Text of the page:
Valentine’s Day Flowers to Grow at Home

With Valentine’s Day on the horizon, there are flowers in every shop and supermarket. Why not grow your own for next year? Anyone can grow cut flowers! It’s a personal, economical and rewarding way to show love to your family and friends.

ROSES

Roses are the flower most associated with love and romance. In Shakespeare’s Romeo and Juliet, Juliet says to her lover “A rose by any other name would smell as sweet.” to express that love has no boundaries. The rose has also been England’s national flower since The War of the Roses in the fifteenth century.

Blue Moon

Rose ‘Blue Moon’ is an unusual icy-blue colour and have a lovely fragrance, which makes them an eye-catching addition to bouquets and displays.

Fragrant Delight

This stunning rose is one of the most popular variety of Floribunda! Its blooms are coppery peach-pink blossom in colour and are highly fragrant.

Scarlet Queen Elizabeth

This bold red rose produces glamorous scarlet flowers with a subtle fragrance. The gorgeous red colour is a classic for a Valentine’s bouquet.

DIANTHUS

The name Dianthus comes from the Greek words ‘dios’ (god’) and ‘anthos’ (‘flower’). The common name ‘Carnation’ was derived from the Latin word ‘incarnation’, meaning the incarnation of God. It symbolises admiration, passion, affection, love and gratitude. One of the world’s oldest cultivated flowers, the popularity of Dianthus has remained throughout many centuries.

Doris

This delicate pretty pink flower has a wonderful striped red centre which makes it stand out. Doris has a subtle fragrance and is ideal for a cut flower display.

Scent First Memories

Memories is a beautiful creamy white flower from our ‘Scent First’ range of Dianthus which produce amazingly fragrant flowers.

Valda Wyatt

Our Valda Wyatt produces frilly vibrant pink blooms and have a lovely scent. They make fantastic cut flowers and a bright addition to bouquets.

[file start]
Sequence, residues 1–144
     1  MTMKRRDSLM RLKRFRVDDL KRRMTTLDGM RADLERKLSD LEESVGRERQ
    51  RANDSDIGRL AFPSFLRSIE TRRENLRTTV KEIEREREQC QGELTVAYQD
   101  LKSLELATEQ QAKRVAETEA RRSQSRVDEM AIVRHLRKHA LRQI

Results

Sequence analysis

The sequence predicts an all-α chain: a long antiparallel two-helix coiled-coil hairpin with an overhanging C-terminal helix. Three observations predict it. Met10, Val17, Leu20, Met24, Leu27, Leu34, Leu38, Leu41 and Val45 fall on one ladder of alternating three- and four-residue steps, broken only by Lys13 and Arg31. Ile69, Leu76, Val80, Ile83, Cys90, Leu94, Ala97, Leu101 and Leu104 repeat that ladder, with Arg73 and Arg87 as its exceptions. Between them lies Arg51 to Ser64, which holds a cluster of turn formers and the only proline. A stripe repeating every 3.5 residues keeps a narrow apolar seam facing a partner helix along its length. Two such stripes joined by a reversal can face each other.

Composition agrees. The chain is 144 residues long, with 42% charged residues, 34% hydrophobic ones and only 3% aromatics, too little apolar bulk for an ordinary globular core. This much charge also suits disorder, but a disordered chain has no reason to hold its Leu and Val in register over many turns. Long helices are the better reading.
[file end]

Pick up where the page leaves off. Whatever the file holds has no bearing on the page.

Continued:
IRIS

The Iris’s history dates back to Ancient Greek times when the Greek Goddess Iris, the messenger of the gods and the personification of the rainbow, acted as the link between heaven and earth. It was said that the flowers had the power to bring bliss and favour to earth and the people living on it. They symbolise faith, hope, wisdom and royalty.

‘Dance Ballerina Dance’

Ths beautiful and easy to grow Iris produces brilliant lilac-pink petals with pale pink ruffled edges. The flowers stand on sturdy stems ideal for cut flower displays.

‘Beverly Sills’

This new germanica Iris produces an abundance of delicate coral-pink flowers. Paired with lance-shaped green foliage, it makes for a lovely cut display.

‘Concord Crush’

This Iris sibirica produces ruffled violet-blue flowers with a yellow centre on each petal. Their unusual markings and colour are a wonderful addition to bouquets.

JASMINE

The flower symbolises love, beauty, good luck and purity. Jasmine has always been considered a symbol of eternal beauty. In parts of India many people believe that jasmine can purify an individual, specifically when they grow into different life stages, which is why it is also symbolic of hope and spirituality. This makes it an ideal gift for a loved one, especially a partner.

Trachelospermum Pink Showers

This Star Jasmine produces delicate pink star-shaped flowers with a bright yellow centre. These blooms look dainty when clustered in a bouquet.

Nudiflorum

These bright yellow flowers are delicately small but pack a punch with their vibrant colour. They are highly fragrant and add a pop of colour to cut-flower displays.

Trachelospermum jasminoides

This highly fragrant Star Jasmine has crisp white petals and a vivid yellow centre. Due to their dainty size, they add a lovely whimsical look to bouquets.

DICENTRA